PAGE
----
My, how the world has changed…
At the risk of sounding like an old fart at the advanced age of 29, when I was young, things were so different! We passed elaborately folded notes in class instead of texts, we used landline phones to talk for hours after school (doing three-way calls if we were really fancy), and emails were sent from the family desktop or in computer labs. Before Skype came on the scene, my now-husband and I didn’t see each other’s faces for six months when I went away on a student exchange. I know that’s nothing compared to, say, The Penelopiad — but for young people nowadays, that would be unthinkable!
On top of all the technological evolution that’s happened since I was a teenager, I’m also one of those people who’s often suspected/been told that they might have been more at home in another century altogether. Over the past decade, the comments have graduated from “It’s so annoying that you don’t text” to “We’re all on Facebook… why aren’t you?” to “It’s so annoying that you don’t have a smartphone.” (Full disclosure: I still listen to books-on-tape that are actual cassette tapes, on a cassette player that makes a ticking noise due to being dropped on the ground so many times. What can I say, it’s comforting!)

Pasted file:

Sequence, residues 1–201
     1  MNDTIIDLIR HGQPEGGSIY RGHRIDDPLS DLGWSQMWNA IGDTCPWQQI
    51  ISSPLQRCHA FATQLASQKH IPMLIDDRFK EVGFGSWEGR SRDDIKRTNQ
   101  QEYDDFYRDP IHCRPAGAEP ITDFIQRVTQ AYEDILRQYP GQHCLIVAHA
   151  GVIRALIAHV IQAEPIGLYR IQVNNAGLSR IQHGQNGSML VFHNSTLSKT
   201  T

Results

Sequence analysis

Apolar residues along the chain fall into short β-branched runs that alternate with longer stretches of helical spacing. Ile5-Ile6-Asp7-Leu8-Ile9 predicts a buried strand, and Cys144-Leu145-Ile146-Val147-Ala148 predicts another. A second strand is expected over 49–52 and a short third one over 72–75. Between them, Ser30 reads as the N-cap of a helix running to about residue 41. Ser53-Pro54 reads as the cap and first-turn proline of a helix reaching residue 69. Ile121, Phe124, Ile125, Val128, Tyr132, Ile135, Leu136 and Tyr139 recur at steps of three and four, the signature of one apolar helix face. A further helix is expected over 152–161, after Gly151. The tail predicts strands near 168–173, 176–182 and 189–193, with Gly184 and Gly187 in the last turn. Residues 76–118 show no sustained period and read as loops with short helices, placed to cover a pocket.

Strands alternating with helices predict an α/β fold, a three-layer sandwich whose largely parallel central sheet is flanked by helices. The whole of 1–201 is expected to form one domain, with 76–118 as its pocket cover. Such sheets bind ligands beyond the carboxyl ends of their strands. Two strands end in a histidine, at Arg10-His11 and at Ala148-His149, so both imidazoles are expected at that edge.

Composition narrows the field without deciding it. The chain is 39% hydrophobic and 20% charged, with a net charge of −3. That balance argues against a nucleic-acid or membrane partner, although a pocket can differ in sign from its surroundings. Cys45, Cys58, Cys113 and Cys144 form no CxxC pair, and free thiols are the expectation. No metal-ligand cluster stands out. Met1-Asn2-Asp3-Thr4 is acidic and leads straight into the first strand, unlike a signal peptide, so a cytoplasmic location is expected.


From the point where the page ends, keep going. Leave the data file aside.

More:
I’ve since taken one step after another into the iPad-iPod-iEverything world. But to my former Luddite self, thinking back on how Brit and I couldn’t have written “Margaret and the Moth Tree” without today’s technology is amazing. And the news that “Margaret and the Moth Tree” is now available as an e-book is pretty mind-boggling.
For those of you taking part in the reading revolution… here she be on Kobo!
This cartoon from Debbie Ohi is true-to-life, as I observed over the holidays when I witnessed my two-year-old nephew trying to figure out why the television wasn’t a giant touch-screen. His little finger kept swiping and swiping…